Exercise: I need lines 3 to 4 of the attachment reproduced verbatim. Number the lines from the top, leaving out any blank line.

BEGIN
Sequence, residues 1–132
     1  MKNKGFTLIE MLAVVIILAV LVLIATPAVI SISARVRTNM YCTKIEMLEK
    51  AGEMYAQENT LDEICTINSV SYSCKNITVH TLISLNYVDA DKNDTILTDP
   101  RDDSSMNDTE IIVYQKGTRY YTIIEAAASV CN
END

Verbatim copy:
    51  AGEMYAQENT LDEICTINSV SYSCKNITVH TLISLNYVDA DKNDTILTDP
   101  RDDSSMNDTE IIVYQKGTRY YTIIEAAASV CN